This is not the first time this model has been tried.  It just does not work.  For all the work an agent has to do these days from hand holding to dealing with paperwork, governmental regulations, banks who dilly dally, and everything else that comes up in a deal, we have always felt that an excellent agent is worth every penny they make.  A

Posted by Ron and Alexandra Seigel, Luxury Real Estate Branding, Marketing & Strategy (Napa Consultants) over 9 years ago

Niki - Karen is confusing two (2) totally separate and distinct terms:

  1. Rebating, and
  2. Discount Brokerage Service Providers

These are completely unrelated and should neither be confused nor used interchangeably. Though Zip Realty rebated commissions (in states that permitted rebating - more on this later), it did offer consumers a full line of services. Karen is confusing the term discounting with rebating.

Rebating commissions is just that. An agent or firm elects to rebate a portion of the commission earned back to their client or principal. This has NO bearing on the level of service being rendered or provided. Ten (10) states forbid buyers' brokers from rebating a portion of the sales commission to the consumer. Visit the DOJ site for additional details.

Discount Brokerage Service Providers are a different matter altogether. This type of firm only provides partial or limited service. In many cases these companies accept a modest fee, usually under $500, to simply place a home in a local MLS. You might consider these as a MLS FSBO.

Some Discount Brokers may provide a yard sign or lock box, but in the majority of situations, what differentiates these fims is that they DO NOT REPRESENT the Seller. They typically do not handle any negotiations or render counsel or advice. The Seller is responsible for any dealings with the Buyer's Agent (if one exists), coordinating all showing appointments, handling any repair negotiations, and comprehending all Closing details and requirements.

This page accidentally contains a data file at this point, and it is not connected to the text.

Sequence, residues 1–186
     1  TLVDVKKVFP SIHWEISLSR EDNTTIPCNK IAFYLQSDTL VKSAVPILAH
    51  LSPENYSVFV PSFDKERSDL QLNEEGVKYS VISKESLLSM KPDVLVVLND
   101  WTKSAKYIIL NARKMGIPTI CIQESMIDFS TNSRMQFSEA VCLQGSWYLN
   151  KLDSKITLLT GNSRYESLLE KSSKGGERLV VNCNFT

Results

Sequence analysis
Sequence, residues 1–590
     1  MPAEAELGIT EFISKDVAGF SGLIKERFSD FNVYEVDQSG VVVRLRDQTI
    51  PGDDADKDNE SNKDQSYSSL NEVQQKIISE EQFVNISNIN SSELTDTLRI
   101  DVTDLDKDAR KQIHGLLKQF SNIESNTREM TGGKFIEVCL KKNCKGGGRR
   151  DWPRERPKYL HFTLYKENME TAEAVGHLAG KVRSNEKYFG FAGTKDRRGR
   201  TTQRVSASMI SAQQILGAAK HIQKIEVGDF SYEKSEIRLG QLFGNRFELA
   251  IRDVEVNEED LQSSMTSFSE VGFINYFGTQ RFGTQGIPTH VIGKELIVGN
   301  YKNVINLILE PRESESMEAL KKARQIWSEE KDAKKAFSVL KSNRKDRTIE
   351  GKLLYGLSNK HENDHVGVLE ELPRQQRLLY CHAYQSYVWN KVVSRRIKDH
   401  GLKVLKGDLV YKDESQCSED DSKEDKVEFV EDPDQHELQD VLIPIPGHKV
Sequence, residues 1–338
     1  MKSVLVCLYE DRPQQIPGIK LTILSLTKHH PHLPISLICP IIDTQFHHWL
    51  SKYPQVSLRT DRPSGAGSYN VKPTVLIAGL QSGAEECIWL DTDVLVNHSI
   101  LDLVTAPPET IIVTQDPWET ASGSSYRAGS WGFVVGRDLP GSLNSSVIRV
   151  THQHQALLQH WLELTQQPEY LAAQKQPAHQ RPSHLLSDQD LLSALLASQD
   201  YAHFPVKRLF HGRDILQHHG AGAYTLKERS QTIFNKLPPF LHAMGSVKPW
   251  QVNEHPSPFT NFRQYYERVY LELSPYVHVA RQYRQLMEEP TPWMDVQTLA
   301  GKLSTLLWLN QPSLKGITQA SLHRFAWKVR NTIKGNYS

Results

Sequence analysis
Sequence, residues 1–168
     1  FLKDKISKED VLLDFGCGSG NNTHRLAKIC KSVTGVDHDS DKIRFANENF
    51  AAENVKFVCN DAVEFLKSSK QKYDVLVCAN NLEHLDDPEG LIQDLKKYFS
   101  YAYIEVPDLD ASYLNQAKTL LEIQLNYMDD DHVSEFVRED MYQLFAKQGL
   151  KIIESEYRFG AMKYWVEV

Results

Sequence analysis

Not all states permit Discount Brokerage. Eight (8) states require consumers to buy more services from sellers' brokers than they may want, with no option to waive the extra items. Visit the DOJ site for full details outlining the laws in place that define Discount, Limited Service, and Full Service Brokerage models.

Zip Realty never discounted their service, though they did rebate their commission(s) to clients or principals. Patty Anderson, a former Zip Realty Agent alluded to this fact, commenting on Karen's blog. Zip offered a full range of services. They were not a 'Discount Brokerage' though perhaps perceived as one and as Karen incorrectly seems to do. They were a full service brokerage that simply offered a rebate on earnings.

The Department of Justice differentiates discounting and rebating. When a firm represents the seller through the entire transaction, by legal definition they are not a discount broker. Karen quibbles over semantics sharing, "I always associate the word discount with the price you pay for something, not the service you get for it." Unfortunately, this is an area not open to interpretation.

As a Broker, Karen should realize that the mere mention that a price is being "discounted" is an Anti-Trust violation as doing so implies "reduction from an established price" ("price fixing"). Discounting is NEVER based on price; it IS based on service, be it reduced or limited in scope. And while there is generally a reduction in the amount a consumer pays for less-than-full-service, this is NOT considered by the Justice Department as discounting.